1902-01-02; Clare Sentinel
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Established 1878. OLARE, MICHIGAN', THURSDAY AFTERNOON, JANUARY 2, 1902. New Series: Vol.10, No. 6 Stamps given until July 1902 Call for Stamps Give Discount Stamps ffiicknell ^Brothers ^Pre^Snventory <uaie Is now in full blast. See large bills for par- 8 ticulars. If you are not on our mailing list let us know. J#ll Clothing at 40 per cent off*, dCad/es* Capes and jackets 40 per cent off eCadies', Children JSj 7/fisses Shoes at wholesale, REMEMBER YOUR STAMPS. ckne Kr New Premiums arriving every day. I S6fl00lo DEPARTMENT \ The winter term begins Monday, January 6bh. That the difficulties of last year retarded school work is plainly evident in the low standard of many of the grades. The writer has found tbe work thus far, even in the new school building, as Durdensome as it was last .year, but everything has been so adjusted that with tbe new year there will be steady advancement. The first grade has not always been properly warmed since cold weather began. On that account many par- 'A- ents kept their children out of school. Tbe contractors have made some adjustments to the heating plant and in the last week of school when the temperature was from zero to eight below any room in thejbuilding could easily jbe warmed up to summer heat It is very desirable that all first graders be regular in attendance from now on so that the teacher may have a chance to bring up their work. Last June through the various grades twelve pupils were promoted on trial. Of the twelve two were put back, six are doing poor work and four are keeping up the average of their several grades. About thirty pupils were not passed last year but a half ®t those very thirty are now the ones who do poorest work in their classes, A( It would seem that the plan of promoting on trial is a poor one in-most <sases. The main thing is to have a pupil abreast of the best in his class in the first years of school life so that ibis enthusiasm may help him over the hard places. Does your child study school books out of school? it Is not designed that pupils below the eighth grade should do any stud ying out of school hours under ordinary circumstances. But #ood healthy children's books and papers along with good robust play with jother right-minded children within «asy reach of the parent should minister to the freedom of childhood. In the eighth grade a little studying should m done outside of school hours while |n the high school considerable work jokust'be done with daily regularity to keep up the standard required for an average high school student. ^ Thus fat there has been practically UO marring of school property. Child ren take pride in the appearance of their schools. But it requires constant watchfulness to prevent the misuse of ink. The man is the product of heredity, environment and his own will. Let us help the child to the very best associations and thoughtfully train him so that his will may be strengthened; for heredity having already been determined at birtb it is through his environments and his will only that we can help the child to become the man we wish him to be. Philip A. Bennett, Supt. Joseph A. Brayman. After intense suffering for three weeks, Joseph A. Brayrean passed from tbis life early Tuesday morning at his home four miles south of Olare. Deceased was born in Argile, TST. Y., sixty-one years ago. For the past three years he has resided wich his wife on O. B. Thayer's farm where he died, the cause of bis death being Bright's disease and a cancerous condition of the kidneys. Besides a devoted wife he leaves one son, Arthur. The funeral is held this afternoon from the M. E. cburch, Bev. W. J. Hathaway officiating and the remains interred in Cherry Grove cemetery. The bereaved wife and son have the sympathy of all in their affliction. Ex-President Hayes and the Farmer. It is told of ex-President Rutherford B, Hayes, while attending school at Kenyon College, he was in the habit of taking daily walks into the country with two intimate fun-loving companions. They frequently indulged in repartee with people on the road, and on one occasion met their match'. In an old garden they saw a man whose patriarchal beard suggested the following joke: One of them doffed his hat and called, "Good morning, Father Abraham;" the next said, "Goood morning, Father Isaac;" while Mr. Haj es not to be outdone called out,' 'Good morning, Father Jacob." Ignoring the outstretched hand of the latter, the old man said with dignity: "Gentlemen, you are mistaken in the man, 1 am neither Abraham, Isaac, nor Jacob, but Saul, son of Kish, who was sent out to seek his father's asses, and lo! I have found them." HUMOROUS POSTMASTER. Mr. Spencer, of Lawndale, Writes to Postmaster Dickerson. According to the reports of the first assistant postmaster-general, Postmaster Dickerson receives the lamest salary of any man ■ in the business in Michigan, and the postmaster at Lawndale, Saginaw county, the smallest his stipend last year being $67.84. James E, Spencer, who is the Lawndale official, has writen to Mr. Dicker- son congratulating him on the fact that "we are the heads of our respective classes in Michigan." Mr. Spencer's letter is dated at St. Clair, and he says that to clear up any mystery as to how he is doing business in St. Clair and drawing the magnificent salary at Lawndale, he wishes to explain. He sold thg general store at Lawndale, which he conducted "in connection" with the postoffice, and tendered his resignation; but it has not been accepted. He fears the department knows when it has a good thing and won't let him go. His successor in the Lawndale store is his deputy, but Spencer finds it disturbing to his salary to make a trip there each quarter to swear to his reports. Seeing that a postmaster had been fired for expressing pleasure over the death of the president, he was tempted to make such a remark, so he could be bounced, but he was too loyal at the last minute. He asks Dicker- son to write to Teddy and tell him that he (Spencer) is the stiffest Democrat in the woods, and waiting for a third chance to shout for Bryan, to see if this will not get his dismissal. He thinks it might up here, although he knows it wouldn't south of the Mason and Dixon line. In conclusion Postmaster Spencer invites Postmaster Dickersdn to visit him at St. Clair, and says he. will open a box of sardines on the occasion, "It will be impossible for me to come down and see you until after next quarter, as 1 cannot make another draw until then,'", the letter ends.— Detroit Evening News. Lost. Between M. E. church and the P. M. railroad Saturday a roll of bills amounting to 880. Liberal reward for return to W. M. Lynch, east Eighth street, Clare, Semi-Annual * Clearing Jackets, crapes, Furs, Flannel Waists, Dressing Sacques, Wrapper^ Dress Goods, Waist Patterns, Underwear, Handkerchiefs, Millinery, Oyercoats, Duck Coats, Mackinaws, Etc. At Reduced Prices }avy dc Ci ompany By Rail to South America. Linking the oceans by means of an isthmian canal and linking the continents of the new world with strands of steel are engineering enterprises that are certain to be numbered among tbe achievements of twentieth century progress. If the continents are to be severed by cutting a great waterway through the strip of sand and rock tbat now unites them an inter-continental railroad is all the more necessary to carry out the pan-American spirit and to bind the republics of the new hemisphere into a closer union. It was natural that the pan-American congress, which was held primarily for the purpose of promoting friendlier and closer relations between the countries of the two Americas, should give substantial encouragement to the inter-continental railroad project. Nearly all of the South American republics are nearer to Europe, commercially and socially, than tbey are to the United States. Their people are foreign to us in customs, language and ideas. Many of the South American delegates to the pan-American congress at the Oity of- Mexico had to make the journey to that city via Europe or Hew York, The railroad is the great promoter of continental solidarity as well as commercial intercourse. The Mexican railway has brought the Republic of,; Mexico so close to the United States that it seems almost a part of the Union. i As an engineering enterprise the inter-continental railroad is perfectly feasible, and as a commercial enterprise the work of joining the two great continents of the western hemisphere is sufficiently attractive in its possibilities to engage the. interest and attention of capitalists. The proposed railroad, in fact, would contain no greater mileage than the Northern Pacific or Union Pacific, and the engineering obstacles are not so greatf;as those encounterd by Russia in the building of the Siberian railway .—Record-Herald. The Old Silver Dollar. How dear to my heart Is the cash for subscription. When the generous subscriber Presents it to view; But those who won't pay We refrain from description, For perhaps,,gentle reader, That one may be you. The marriage of Miss Elfrieda R. Bruske-and Auston S. Graham took place at the home of, the bride's parents, Mr. and Mrs. H. R. Bruske, 719 North Fourth avenue, Wednesday night. The bridesmaid was Miss Naomi Hales, of Bay City and the best'man, JOhn Killen, of this city. The officiating clergyman was Rev, A. B. Sutcliffe, of the First Methodist Protestant church, The out of town .guests were Mr, and Mrs, F. H, Cogswell. Mr,, and Mrs. Graham have gODe to their home at 1115 Litchfield avenue. , West Bay City.—Saginaw. Evening News, Miss Bruske has several friends in Clare who will be glad to receive this news. Senator A. J. Doherty was in Sagin- naw, St. Charles and Lansing this week. Owing to a flood in Pennsylvania and a scarcity of miners it is almost impossible to get soft coal for the power house. The railroads have a clause in their coal carrying contracts to the effect that in case of a shortage they use all coal coming from the mines necessary to keep them going before delivering to individual concerns. Mr. Doherty is now obliged to use wood as fuel until such, time as coal is more easily obtainable. Mrs. Doherty accompanied the Senator on the trip. Shears no bigger than a pin is one of the exhibits of the skill of a Sheffield workman. A dozen of these shears weigh less than a half a grain, or about the weight of a postage stamp. They are as perfectly made as shears of - ordinary size/ Debtors in Siam, when three months in arrears, can be seized by the credit^ ors and compelled to work out,their indebtedness. Should a debtor run away, his father, his wife or his children may be held in slavery until the debt is cancelled. There is a plant in'Jamaica called the life plant, because it is almost impossible to kill it,- or any portion of it. When a leaf Is cut ofl and hung by a string, it sends out white,<thread^ like roots, gathers moisture"from.the air, and begins to grow new leaves. One horse work harness for sale E. A. White, tf.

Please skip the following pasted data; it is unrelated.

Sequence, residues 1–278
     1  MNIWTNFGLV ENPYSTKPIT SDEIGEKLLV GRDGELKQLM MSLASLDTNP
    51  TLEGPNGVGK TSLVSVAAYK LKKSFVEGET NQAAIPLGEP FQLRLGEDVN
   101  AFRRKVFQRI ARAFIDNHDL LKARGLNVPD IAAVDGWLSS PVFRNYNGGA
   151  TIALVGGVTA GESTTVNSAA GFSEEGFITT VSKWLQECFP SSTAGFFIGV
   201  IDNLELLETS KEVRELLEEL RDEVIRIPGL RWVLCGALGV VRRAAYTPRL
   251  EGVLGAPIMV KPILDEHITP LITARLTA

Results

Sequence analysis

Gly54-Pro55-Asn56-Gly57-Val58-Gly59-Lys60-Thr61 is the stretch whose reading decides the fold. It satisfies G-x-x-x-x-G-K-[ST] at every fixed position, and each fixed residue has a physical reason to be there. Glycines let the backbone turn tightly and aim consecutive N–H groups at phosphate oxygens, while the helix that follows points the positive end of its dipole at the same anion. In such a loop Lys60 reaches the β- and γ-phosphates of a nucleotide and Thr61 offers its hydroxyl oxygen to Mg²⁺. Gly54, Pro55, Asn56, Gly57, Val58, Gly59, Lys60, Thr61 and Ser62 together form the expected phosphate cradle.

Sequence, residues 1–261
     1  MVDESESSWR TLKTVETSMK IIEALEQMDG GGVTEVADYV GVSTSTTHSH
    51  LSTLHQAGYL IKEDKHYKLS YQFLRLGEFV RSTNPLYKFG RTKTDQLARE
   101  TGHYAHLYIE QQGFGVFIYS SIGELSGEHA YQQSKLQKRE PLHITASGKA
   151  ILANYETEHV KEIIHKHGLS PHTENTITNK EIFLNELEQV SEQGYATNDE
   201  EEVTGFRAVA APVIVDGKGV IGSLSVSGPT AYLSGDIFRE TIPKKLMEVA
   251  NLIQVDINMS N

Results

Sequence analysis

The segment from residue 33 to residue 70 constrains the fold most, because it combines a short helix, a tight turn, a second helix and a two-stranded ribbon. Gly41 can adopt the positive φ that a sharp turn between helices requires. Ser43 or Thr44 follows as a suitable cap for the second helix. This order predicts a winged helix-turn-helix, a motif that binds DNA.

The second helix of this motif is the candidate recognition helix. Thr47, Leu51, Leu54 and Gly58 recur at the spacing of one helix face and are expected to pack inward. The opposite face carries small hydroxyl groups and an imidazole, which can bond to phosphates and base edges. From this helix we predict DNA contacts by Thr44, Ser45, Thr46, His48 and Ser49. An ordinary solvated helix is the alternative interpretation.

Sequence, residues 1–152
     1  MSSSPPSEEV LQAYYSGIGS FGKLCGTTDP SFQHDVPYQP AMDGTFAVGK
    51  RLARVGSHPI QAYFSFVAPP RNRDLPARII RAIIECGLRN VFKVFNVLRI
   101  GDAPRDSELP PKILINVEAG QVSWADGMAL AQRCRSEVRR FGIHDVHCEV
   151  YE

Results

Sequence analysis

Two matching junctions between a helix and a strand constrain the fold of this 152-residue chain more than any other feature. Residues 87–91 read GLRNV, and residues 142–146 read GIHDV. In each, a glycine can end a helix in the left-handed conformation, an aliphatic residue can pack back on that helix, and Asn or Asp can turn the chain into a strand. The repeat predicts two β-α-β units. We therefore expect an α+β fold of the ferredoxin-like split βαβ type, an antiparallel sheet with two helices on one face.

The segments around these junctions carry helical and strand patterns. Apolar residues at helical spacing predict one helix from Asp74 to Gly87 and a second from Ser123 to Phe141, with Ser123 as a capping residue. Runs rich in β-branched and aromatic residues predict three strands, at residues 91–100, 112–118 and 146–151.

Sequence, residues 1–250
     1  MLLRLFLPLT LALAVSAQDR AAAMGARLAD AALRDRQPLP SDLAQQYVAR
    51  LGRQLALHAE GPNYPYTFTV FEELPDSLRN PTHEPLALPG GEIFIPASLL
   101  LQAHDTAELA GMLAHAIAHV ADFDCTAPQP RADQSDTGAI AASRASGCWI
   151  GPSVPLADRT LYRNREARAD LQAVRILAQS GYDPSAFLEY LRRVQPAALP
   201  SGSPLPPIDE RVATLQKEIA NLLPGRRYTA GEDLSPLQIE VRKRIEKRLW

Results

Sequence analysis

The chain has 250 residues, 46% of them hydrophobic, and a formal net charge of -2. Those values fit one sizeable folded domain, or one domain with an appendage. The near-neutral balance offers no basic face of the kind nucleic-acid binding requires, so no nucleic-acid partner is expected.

|Title||1902-01-02; Clare Sentinel|
|Publisher||R.G. & F.A. Jefferies|
|Description||Thursday, January 2, 1902 issue of the Clare, Michigan newspaper. Published weekly. Began publication in 1896. Previously known as Clare Sentinel and the Democrat-Press.|
|Subject/Keywords||Clare (Mich.) - Newspapers; Clare County (Mich.) - Newspapers;|
|Copyright Permission||This material is in the public domain.|